While Wilbur continued to write composed, introspective, and mainly hopeful poetry in volumes like as Things of This World (1956), Advice to a Prophet (1961), and Walking to Sleep (1969), the poetic environment of the period meant that his work was frequently criticized. His poems were described as "luminous" and "apocalyptic" by some critics, but others saw him as outdated, a "dowdy poet of the early atomic age."
In fact, Wilbur wrote only one poem during his lifetime that has been called apocalyptic: "The Last Man". It is a dark vision of humanity without God or hope.
Wilbur died at the young age of 37, still in love with his wife and mother to his children. He had two more books published after his death, but they did not have the success of Poems (1923).
His work is now regarded as one of the founding fathers of modernism in the United States.
Wilbur is a German name that means "resolute and brilliant"—two qualities that every little lads should possess! The name has seen a significant drop in popularity since its apex in the 1880s, but we believe it is ripe for a comeback.
Before the 1980s, Wilbur was one of the most popular names for boys in America. It even ranked as the top name for one year in 1959! Since then, it has fallen out of favor. But if you look at the data from baby naming websites such as BabyCenter, Wilbur remains popular among parents who want their boy to be brave and courageous.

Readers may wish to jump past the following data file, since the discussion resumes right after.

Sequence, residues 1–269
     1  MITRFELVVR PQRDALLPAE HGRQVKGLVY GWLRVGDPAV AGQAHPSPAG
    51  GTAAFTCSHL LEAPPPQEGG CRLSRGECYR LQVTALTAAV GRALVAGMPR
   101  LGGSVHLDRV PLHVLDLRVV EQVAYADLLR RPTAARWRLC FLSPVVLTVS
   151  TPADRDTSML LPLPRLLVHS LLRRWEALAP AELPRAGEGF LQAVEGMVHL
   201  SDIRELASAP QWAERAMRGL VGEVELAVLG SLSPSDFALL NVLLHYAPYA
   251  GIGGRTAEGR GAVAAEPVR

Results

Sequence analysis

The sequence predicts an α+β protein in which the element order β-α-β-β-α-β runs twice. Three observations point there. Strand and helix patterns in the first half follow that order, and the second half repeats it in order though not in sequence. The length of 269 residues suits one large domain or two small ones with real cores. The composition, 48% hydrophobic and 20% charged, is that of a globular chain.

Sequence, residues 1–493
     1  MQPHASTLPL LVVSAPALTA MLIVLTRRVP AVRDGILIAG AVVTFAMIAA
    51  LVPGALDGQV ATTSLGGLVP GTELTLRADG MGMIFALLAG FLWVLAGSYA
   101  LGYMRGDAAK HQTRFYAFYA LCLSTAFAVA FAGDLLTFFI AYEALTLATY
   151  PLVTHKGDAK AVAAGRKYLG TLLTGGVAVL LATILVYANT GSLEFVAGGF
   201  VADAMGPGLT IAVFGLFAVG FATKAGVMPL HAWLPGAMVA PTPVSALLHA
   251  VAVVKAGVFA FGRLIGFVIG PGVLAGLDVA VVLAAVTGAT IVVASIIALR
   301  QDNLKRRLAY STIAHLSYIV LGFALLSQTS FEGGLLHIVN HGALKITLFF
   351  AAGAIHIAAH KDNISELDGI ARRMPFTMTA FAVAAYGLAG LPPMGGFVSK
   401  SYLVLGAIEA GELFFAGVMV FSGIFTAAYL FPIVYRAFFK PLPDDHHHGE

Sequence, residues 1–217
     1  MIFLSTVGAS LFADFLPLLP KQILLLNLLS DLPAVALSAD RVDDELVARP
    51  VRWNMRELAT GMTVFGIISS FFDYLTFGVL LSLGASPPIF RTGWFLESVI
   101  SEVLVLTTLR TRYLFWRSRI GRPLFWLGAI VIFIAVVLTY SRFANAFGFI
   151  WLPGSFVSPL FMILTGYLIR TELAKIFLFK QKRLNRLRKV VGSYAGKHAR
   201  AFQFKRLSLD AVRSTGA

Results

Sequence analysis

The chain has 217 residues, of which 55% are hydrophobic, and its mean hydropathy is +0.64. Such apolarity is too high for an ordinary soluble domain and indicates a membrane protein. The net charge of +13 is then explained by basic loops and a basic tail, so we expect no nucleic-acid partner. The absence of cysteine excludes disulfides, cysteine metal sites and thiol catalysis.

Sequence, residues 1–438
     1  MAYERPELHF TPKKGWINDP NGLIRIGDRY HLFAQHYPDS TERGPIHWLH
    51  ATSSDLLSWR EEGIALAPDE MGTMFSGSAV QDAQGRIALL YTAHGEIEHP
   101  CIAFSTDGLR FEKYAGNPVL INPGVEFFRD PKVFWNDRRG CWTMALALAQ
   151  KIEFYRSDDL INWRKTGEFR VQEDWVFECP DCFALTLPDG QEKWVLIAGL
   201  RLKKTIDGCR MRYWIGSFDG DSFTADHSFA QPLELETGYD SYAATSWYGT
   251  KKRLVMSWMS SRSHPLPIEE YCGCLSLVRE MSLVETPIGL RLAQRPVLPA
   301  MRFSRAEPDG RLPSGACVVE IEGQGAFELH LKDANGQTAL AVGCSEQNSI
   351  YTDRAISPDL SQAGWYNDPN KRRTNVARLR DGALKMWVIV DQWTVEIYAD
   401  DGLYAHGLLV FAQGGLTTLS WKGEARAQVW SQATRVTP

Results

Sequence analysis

There are several theories about the decline in popularity of Wilbur. Some people think it is because many boys now are given names instead. While others say it is due to the fact that it is already hard to find a unique name for a boy so more parents prefer to give them up to date names such as Leo, Mason, and Abel.
However, there is one thing that everyone agrees on: Wilbur is making a comeback! In fact, some sources say that it has become one of the most popular names for boys this year.
Wilbur was born during the spring season. Papa Arable wants to murder him since he is the runt of the litter. Fern saves Wilbur's life and promises to look after him herself. He is, after all, a lovely little piggy.
When Fern goes into labor, she calls upon her friend Mrs. Bird for help. Mrs. Bird flies home with Fern in her beak and they both recover in her nest. When Fern can walk again, she takes Wilbur to see Mrs. Bird, who loves him like her own son. Then Mrs. Bird flies off to visit her friends in another part of the forest.